Diversification is an important part of a financial portfolio. But I’ve got 90% of my holdings in Bitcoin ( BTC 1.00% ), so diversification means something different to me. It means not keeping all of my Bitcoin in one wallet. This practice is the same as not keeping all of your money in a single bank account, or all of your stock with one broker. There are a few organizational challenges in spreading out Bitcoin into various wallets, but a range of solutions exist for storing cryptocurrencies. I recommend making use of as many that make sense for you.
Don’t lose your Bitcoin
Part of the challenge of owning Bitcoin is keeping track of it all. For every wallet with Bitcoin inside of it, you will have a corresponding recovery phrase. It doesn’t make sense to keep all of the recovery phrases in one place. If that place is compromised or discovered by attackers, then you’ve lost all of your wallets. If that place burns to the ground, then you’ve lost your Bitcoin. For something as decentralized as Bitcoin, it’s a bit of an issue to simultaneously have to deal with the centralization of wallet recovery phrases. Luckily there are some tips for decentralizing your wallets.
These tips are especially helpful to people storing substantial amounts of Bitcoin. If all that you have is $50 worth of Bitcoin, then you probably don’t need to worry about wallet management.
Use hardware wallets
Make use of hardware wallets. That’s right, wallets, plural. Hardware wallets are like a USB sticks that hold an encrypted version of your recovery phrase. They come in many shapes and sizes, and vary based on usability and security. The reason I may want more than one is that I want to protect myself and my funds against the widest range of vulnerabilities, including the failure of any one specific hardware wallet. Bitcoiners recommend using hardware wallets because they’re kept offline and are encrypted with a password. Stealing the device doesn’t steal the funds, as the attacker still needs a passcode that only you know. If someone does steal the wallet, you can always access your funds using your recovery phrase and transfer them to a new wallet..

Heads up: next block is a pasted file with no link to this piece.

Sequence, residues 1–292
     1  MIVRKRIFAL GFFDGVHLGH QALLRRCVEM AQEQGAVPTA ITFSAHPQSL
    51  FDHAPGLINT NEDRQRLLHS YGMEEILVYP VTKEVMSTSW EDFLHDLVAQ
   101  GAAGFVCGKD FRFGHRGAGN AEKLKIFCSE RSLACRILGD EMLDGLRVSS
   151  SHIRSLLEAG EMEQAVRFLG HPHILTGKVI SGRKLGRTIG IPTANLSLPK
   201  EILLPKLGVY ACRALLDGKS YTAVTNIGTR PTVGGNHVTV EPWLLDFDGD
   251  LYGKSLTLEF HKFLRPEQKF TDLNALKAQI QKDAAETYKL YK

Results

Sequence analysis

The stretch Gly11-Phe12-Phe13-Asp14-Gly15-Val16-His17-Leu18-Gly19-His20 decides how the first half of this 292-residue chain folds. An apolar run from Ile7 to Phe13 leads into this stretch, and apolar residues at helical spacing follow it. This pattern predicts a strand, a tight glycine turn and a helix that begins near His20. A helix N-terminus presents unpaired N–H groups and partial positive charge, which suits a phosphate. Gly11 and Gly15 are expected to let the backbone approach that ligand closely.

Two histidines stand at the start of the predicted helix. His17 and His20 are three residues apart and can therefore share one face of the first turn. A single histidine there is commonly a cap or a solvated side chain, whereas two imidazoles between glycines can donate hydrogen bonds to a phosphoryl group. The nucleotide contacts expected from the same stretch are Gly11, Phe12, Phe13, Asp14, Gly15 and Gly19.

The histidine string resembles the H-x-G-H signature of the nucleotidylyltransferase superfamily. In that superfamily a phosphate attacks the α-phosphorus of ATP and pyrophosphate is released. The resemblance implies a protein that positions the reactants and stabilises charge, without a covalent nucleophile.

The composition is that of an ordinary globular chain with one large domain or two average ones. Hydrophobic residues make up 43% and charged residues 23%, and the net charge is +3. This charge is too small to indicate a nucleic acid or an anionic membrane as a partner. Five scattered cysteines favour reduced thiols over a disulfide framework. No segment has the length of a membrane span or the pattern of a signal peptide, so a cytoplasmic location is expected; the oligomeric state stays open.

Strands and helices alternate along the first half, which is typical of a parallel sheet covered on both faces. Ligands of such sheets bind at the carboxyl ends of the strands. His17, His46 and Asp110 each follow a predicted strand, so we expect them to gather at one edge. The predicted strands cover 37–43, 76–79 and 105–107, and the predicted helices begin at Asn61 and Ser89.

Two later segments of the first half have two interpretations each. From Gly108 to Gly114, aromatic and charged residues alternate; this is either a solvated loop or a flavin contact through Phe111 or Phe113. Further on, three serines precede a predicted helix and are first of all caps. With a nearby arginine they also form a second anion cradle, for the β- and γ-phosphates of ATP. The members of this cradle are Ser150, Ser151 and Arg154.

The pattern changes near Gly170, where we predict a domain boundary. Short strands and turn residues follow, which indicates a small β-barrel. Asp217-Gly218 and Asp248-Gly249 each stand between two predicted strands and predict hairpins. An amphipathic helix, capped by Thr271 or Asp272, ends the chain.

Use a multi-signature wallet
Bitcoin comes with a built-in ability to create a wallet that requires more than one key to access. These wallets are called multi-signature, or multi-sig, wallets. Let’s say you buy three hardware wallets. Bitcoin can be sent to each wallet individually, or a multi-signature wallet which requires the keys of each of your hardware wallets. Multi-signature wallets can even be designed such that the funds within it can be accessed using any two of the three hardware wallets you own. It is up for you to decide how you want to design your wallet. By using a multi-signature wallet, when or if you lose one wallets, you haven’t necessarily lost access to your multi-sig wallet.
Multi-sig wallets are especially helpful in hiding your Bitcoin from attackers. If attackers have stolen one of your wallets, there is no real way for the attacker to know that they’re only holding one of the three keys to a multi-sig wallet. Multi-sig wallets do require knowledge of how to create and configure them, but they’re an especially useful tool when diversifying your Bitcoin holdings.
Memorize a recovery phrase
I recommend you memorize one of your recovery phrases. This kind of wallet is called a brain wallet. By memorizing the recovery phrase, you’re ensuring that the only copy of the phrase resides within the confines of your memory. You can use a memorized phrase to access one of your hardware wallets or be one of the three keys to a multi-sig wallet. If your recovery phrase exists in the physical world, it’s vulnerable to being stolen. The only way to remove this vulnerability is by memorizing the phrase. However, if you lose your memory for whatever reason, your funds are lost. So remember to keep at least one written backup phrase in a safe place.
Principles for storage
There are three principles to follow regardless of your storage schema:
- Decentralize your holdings: Don’t keep everything in one place.
- Back up your backups: Copy down the recovery phrase multiple times, and put them in multiple locations.
- Use multiple mediums: Use some combination of hardware wallets, software wallets, multi-sig wallets, and brain wallets. The loss of any one of these mediums shouldn’t mean the loss of any of your funds.
Following these three principles safeguards you against a wide variety of scenarios that could result in the loss of your funds. Keep in mind that wallet management is still not a perfect science. Attackers are getting more sophisticated with their methods and providers of custodial services are building better solutions. The best thing you can do is to continue to learn, experiment, and diversify.
This article represents the opinion of the writer, who may disagree with the “official” recommendation position of a Motley Fool premium advisory service. We’re motley! Questioning an investing thesis – even one of our own – helps us all think critically about investing and make decisions that help us become smarter, happier, and richer.